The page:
Mama Told me Not to Come coverBut what of the book, the one about student life with the nicely nostalgic opening and interesting-sounding plot? Well the thing is, it costs 7.99. Which I’m sure is a fair price. It’s what books cost, more or less. As a writer I’m fine with it. But as a reader I am an absolute skinflint. For £8 I can  buy at least four self-pub e-books. Of these, I guess on past performance that one will be dire, two will be okayish, and one will be excellent, as good as most commercially published books and better than some.  I could have bought just the one, but that’s not the way it works. It’s about curiosity, about taking a punt. I might pay over £5 for an e-version of a best-seller that comes with lots of recommendations, or I might splash out on the paperback. But buying a self-published book, represents, I think, a bigger risk than a commercially published novel. I’d still quite like to give this one a go, but how much faith do I have in it when I don’t know the author and there is no industry stamp of approval?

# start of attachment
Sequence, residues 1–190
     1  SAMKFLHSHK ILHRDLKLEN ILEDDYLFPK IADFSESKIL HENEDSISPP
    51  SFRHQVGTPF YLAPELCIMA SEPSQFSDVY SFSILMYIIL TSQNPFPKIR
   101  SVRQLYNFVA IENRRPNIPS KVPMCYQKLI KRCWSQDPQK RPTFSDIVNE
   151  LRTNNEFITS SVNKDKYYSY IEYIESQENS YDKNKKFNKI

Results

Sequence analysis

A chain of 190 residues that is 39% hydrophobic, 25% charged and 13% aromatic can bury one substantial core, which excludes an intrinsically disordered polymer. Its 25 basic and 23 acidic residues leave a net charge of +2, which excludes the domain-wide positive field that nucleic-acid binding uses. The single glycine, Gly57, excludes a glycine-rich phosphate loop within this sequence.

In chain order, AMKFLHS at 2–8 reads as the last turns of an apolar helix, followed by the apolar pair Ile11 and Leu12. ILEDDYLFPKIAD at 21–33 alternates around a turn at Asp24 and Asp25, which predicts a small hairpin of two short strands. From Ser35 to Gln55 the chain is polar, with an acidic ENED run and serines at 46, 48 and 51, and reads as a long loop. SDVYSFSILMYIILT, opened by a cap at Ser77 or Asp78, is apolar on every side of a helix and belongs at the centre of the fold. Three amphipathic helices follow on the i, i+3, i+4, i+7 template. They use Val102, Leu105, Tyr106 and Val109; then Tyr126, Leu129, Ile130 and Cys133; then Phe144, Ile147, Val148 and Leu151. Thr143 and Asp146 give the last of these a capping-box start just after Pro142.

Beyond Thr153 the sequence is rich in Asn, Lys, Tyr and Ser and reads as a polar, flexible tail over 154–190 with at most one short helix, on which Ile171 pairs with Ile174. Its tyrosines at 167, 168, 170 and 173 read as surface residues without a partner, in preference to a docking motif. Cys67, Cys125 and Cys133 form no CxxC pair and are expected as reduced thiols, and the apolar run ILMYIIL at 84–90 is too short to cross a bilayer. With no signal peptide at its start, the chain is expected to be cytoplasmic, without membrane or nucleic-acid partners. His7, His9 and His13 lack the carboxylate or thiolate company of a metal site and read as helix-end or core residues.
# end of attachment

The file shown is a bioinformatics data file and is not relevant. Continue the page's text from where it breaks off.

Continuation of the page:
This is the problem with self-publishing. Your book may be well worth the money. But how many people outside your known circle of acquaintances will take the risk? Of course there is another way. A print edition is good to have. Some people don’t have e-readers, others prefer not to use them. But put out an e-edition too, and make the price lower than your tree-book. I think your potential readership will increase dramatically. Anyone who falls in love with it might even double-up with the print version.

Photocredit: Carole King Tapestry album from Wikipedia commons

Nostalgia Trip